In 1974 as part of the Muhammad Ali versus George Foreman "Rumble in the Jungle" fight in Zaire there was a three day music festival highlighting African and African-American music. Besides footage of legendary music performers such as James Brown, B.B. King, Celia Cruz, and The Spinners director Hinte also gives us a glimpse of what went on in the planning stage and behind the scenes.
Jeffrey Levy-Hinte worked as the editor on the award winning documentary "When We Were Kings" by director Leon Gast. He had the foresight to keep the footage of the music festival and has now reworked it to create this documentary. Organized by Stewart Levine and Hugh Masekela the festival went on despite the fact that due to an injury to Foreman the fight was delayed. Hinte has included footage from the festival, rehearsals that happened in New York, backstage glimpses, clips from Ali and Don King, and scenes right from the streets of the city the fight took place in (Kinshasa).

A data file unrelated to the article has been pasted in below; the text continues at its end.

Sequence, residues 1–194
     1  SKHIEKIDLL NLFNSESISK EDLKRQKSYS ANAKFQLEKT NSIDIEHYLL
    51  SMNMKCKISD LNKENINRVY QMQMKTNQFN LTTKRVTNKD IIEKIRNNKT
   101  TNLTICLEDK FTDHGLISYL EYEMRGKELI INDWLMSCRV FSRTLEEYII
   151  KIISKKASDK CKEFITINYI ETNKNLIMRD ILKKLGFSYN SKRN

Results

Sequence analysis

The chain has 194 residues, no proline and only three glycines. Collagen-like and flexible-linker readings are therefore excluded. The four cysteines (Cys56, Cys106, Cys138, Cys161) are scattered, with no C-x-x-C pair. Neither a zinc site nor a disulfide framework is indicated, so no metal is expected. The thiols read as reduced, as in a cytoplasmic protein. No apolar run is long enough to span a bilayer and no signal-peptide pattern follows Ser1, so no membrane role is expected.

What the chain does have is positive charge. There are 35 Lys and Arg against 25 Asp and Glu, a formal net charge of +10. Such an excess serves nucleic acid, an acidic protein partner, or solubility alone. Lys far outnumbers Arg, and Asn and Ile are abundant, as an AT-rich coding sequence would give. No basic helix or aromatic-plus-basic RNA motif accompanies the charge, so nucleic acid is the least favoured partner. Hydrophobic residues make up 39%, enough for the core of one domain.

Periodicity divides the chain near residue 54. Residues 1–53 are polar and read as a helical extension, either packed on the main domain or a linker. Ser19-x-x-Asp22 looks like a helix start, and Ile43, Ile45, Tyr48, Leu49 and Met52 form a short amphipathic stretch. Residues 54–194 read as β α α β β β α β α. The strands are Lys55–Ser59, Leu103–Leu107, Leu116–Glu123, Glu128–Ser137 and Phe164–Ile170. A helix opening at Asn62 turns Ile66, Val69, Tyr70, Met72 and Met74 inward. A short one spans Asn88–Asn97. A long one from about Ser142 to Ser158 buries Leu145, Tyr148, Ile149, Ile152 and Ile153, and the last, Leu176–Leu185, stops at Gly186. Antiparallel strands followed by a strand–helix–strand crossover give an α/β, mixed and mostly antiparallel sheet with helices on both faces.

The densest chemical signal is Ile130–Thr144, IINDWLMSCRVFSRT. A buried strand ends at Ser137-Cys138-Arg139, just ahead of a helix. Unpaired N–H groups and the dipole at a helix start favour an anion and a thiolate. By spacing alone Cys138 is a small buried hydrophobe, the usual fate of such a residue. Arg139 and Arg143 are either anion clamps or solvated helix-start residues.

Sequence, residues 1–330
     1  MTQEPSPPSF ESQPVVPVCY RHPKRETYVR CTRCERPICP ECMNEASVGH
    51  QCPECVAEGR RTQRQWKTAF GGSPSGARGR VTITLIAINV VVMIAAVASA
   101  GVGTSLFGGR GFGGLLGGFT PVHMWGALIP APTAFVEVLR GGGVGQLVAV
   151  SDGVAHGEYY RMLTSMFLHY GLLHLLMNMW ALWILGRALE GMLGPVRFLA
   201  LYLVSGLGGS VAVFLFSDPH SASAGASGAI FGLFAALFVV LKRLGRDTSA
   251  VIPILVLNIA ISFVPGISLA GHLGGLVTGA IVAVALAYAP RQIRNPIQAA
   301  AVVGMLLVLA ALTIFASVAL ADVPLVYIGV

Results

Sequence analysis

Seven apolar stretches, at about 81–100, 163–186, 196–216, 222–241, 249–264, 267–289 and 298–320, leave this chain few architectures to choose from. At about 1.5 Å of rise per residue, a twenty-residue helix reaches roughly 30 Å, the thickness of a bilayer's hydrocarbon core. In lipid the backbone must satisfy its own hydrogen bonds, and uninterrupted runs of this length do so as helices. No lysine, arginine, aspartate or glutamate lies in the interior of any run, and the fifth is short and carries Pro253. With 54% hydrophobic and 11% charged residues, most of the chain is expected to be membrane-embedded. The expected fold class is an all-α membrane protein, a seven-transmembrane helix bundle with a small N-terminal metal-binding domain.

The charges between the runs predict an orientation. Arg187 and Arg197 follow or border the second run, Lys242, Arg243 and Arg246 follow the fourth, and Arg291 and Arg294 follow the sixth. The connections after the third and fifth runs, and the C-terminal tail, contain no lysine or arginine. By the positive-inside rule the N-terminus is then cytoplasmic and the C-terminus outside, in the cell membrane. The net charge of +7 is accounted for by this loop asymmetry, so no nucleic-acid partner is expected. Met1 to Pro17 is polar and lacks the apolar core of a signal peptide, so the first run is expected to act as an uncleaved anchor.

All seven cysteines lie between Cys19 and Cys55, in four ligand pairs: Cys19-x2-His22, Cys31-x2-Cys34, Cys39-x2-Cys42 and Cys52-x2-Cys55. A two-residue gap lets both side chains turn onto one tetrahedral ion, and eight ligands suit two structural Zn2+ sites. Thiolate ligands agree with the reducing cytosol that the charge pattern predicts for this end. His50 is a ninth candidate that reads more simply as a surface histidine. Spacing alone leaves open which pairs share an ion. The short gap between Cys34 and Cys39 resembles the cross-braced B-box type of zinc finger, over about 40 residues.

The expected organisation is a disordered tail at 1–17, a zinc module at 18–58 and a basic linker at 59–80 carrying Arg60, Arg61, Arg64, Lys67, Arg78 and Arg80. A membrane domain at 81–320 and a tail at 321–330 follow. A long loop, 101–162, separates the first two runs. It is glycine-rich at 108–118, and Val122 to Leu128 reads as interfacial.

Don't expect something like "Woodstock" when you sit down to watch this film. It is more about the behind-the-scenes goings on rather than the music. It is not simply a concert film because of the backstage footage and insight you get from the performers themselves. You get to see the problems that can arise for organizers of such festivals when it comes to getting financial backing – this one almost did not happen because of that exact reason. When you are talking about putting on a huge concert in Africa in the 1970s even getting a stage erected takes a lot of time and effort.
It is a comprehensive look at the festival. The only thing that struck me as missing while watching this was the fact that George Foreman is not included. By George's choice or the director's, I wondered because it could not possibly be an oversight. As a far as documentaries go this one does its job as it captures a moment in time.